8. 8. <ul><li>Branding </li></ul><ul><ul><li>Guidelines for naming a business : </li></ul></ul><ul><ul><ul><li>Entrepreneur’s name: </li></ul></ul></ul><ul><ul><ul><ul><li>Not very clear to customers what you do </li></ul></ul></ul></ul><ul><ul><ul><ul><li>How to handle name if you sell the company </li></ul></ul></ul></ul><ul><ul><ul><ul><li>Is your name appropriate: i.e. Payne for a dentist </li></ul></ul></ul></ul>Chapter 9 9-
  9. 9. <ul><li>Branding : (con’t.) </li></ul><ul><ul><li>Guidelines for naming a business : </li></ul></ul><ul><ul><ul><li>Be careful about infringing on trademarks </li></ul></ul></ul><ul><ul><ul><li>Describes firm or product and is easy to remember: “Discount Furniture” </li></ul></ul></ul><ul><ul><ul><li>Creative spellings are eye-catching; don’t go overboard </li></ul></ul></ul><ul><ul><ul><li>Beware of selecting a name too narrow to allow the firm to grow </li></ul></ul></ul>Chapter 9 9-
  10. 10. Chapter 9 New Product Development Process 9-
  11. 11. Chapter 9 Product Life Cycle 9-
  12. 12. <ul><li>Product Life Cycle </li></ul><ul><li>Stage 1 : Introduction </li></ul><ul><ul><li>Sales slowly take off and then begin to grow </li></ul></ul><ul><ul><li>Very important to build brand awareness </li></ul></ul><ul><ul><li>Speak to the relative advantage your product has </li></ul></ul><ul><ul><li>Also need to market to any middlemen </li></ul></ul><ul><ul><li>Heavy introductory marketing expenses will suppress profits </li></ul></ul><ul><ul><li>Competition is generally low </li></ul></ul>Chapter 9 9-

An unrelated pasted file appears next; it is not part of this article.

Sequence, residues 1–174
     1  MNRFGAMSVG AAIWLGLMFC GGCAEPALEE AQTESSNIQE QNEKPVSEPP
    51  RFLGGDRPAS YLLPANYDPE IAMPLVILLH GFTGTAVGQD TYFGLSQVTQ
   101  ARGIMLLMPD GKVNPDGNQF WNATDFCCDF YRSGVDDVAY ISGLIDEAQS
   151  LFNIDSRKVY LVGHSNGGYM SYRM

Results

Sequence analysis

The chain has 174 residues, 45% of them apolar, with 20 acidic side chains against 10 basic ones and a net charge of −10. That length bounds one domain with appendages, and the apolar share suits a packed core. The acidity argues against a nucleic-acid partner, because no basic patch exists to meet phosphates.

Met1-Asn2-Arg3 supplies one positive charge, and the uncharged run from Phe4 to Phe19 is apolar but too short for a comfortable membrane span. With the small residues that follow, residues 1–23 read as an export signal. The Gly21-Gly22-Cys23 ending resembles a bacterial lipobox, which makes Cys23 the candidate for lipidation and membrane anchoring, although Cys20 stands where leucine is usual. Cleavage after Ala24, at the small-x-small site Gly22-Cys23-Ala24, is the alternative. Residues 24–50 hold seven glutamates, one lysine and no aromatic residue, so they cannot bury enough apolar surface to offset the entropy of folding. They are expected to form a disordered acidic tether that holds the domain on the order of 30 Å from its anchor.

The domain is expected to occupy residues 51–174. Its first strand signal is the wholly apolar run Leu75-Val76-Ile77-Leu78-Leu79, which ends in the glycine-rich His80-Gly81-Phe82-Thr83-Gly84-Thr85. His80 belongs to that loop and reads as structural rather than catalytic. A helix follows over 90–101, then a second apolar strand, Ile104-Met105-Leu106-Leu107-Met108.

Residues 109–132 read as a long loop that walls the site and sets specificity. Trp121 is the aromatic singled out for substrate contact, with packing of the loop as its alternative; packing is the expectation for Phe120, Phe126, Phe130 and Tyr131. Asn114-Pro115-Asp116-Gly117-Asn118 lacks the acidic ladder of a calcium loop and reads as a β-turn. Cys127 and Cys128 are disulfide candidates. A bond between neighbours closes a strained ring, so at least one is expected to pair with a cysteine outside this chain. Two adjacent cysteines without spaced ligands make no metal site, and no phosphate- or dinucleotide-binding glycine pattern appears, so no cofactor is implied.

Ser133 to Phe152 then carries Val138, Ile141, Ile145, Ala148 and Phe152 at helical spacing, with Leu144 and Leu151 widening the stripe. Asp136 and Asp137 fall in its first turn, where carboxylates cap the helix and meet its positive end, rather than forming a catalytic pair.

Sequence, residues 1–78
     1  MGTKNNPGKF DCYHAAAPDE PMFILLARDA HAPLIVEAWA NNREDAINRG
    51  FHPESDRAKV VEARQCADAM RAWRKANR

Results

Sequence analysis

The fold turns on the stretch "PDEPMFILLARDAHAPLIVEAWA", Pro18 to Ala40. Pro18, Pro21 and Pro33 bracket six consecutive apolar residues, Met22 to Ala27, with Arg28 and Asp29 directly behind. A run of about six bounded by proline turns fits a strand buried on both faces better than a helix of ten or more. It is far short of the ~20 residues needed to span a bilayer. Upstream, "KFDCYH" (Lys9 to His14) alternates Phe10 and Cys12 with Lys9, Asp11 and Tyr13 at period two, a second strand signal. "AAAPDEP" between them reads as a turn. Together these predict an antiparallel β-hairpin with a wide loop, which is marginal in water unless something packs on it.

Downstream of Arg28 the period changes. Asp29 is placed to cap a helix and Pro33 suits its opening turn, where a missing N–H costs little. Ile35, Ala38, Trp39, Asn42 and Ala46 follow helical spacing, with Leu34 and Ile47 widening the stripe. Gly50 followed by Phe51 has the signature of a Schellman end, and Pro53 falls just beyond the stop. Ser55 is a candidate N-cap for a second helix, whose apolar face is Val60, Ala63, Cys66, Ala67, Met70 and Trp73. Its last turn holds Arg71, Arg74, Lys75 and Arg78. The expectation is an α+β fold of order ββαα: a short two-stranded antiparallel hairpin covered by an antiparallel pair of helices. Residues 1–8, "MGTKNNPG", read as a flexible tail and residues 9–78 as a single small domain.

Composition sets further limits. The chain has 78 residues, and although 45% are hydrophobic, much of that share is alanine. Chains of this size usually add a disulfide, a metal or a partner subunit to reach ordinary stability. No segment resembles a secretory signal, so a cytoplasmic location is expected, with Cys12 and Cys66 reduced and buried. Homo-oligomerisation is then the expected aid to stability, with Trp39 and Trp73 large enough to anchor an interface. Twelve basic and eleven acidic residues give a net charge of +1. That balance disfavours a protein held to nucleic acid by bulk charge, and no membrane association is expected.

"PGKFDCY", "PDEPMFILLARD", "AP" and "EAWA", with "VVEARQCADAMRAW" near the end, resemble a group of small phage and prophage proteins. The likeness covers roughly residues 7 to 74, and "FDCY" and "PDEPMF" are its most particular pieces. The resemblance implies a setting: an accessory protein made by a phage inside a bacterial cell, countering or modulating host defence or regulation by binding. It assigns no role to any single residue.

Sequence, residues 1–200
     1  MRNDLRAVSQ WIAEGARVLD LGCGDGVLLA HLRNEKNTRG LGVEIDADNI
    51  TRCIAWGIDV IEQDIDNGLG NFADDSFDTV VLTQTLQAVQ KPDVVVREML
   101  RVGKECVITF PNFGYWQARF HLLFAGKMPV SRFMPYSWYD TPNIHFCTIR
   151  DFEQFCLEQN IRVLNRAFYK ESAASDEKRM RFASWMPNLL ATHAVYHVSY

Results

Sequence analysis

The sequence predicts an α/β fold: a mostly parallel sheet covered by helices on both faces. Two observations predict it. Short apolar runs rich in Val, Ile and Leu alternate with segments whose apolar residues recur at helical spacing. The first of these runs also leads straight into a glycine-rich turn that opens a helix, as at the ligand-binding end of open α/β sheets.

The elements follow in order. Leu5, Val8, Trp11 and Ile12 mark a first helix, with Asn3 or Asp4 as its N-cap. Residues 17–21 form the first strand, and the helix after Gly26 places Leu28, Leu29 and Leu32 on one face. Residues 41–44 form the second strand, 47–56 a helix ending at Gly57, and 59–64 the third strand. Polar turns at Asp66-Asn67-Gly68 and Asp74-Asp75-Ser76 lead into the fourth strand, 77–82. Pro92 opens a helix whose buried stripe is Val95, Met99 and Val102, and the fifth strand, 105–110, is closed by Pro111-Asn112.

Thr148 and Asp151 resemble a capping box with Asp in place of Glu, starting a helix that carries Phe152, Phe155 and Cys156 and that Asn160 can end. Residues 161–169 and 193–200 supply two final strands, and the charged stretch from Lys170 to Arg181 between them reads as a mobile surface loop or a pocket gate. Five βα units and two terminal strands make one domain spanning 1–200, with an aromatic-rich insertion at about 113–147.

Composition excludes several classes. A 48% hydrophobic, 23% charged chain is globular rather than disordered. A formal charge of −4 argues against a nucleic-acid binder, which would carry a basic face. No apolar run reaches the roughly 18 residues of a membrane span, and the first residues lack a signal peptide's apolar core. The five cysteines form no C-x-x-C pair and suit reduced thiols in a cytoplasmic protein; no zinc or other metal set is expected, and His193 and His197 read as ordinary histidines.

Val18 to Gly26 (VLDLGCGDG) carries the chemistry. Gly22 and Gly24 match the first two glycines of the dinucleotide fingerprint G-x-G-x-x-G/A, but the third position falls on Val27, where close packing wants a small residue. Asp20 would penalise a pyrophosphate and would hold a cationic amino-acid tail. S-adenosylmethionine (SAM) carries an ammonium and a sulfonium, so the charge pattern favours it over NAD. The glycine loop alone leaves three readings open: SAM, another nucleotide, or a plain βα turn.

13. 13. <ul><li>Stage 2 : Growth </li></ul><ul><ul><li>Acceptance of the product increases rapidly </li></ul></ul><ul><ul><li>Advertising and promotion are much less critical </li></ul></ul><ul><ul><li>Goal in this time is to maximize market share </li></ul></ul><ul><ul><li>Prices tend to drop as production becomes more efficient </li></ul></ul>Chapter 9 9-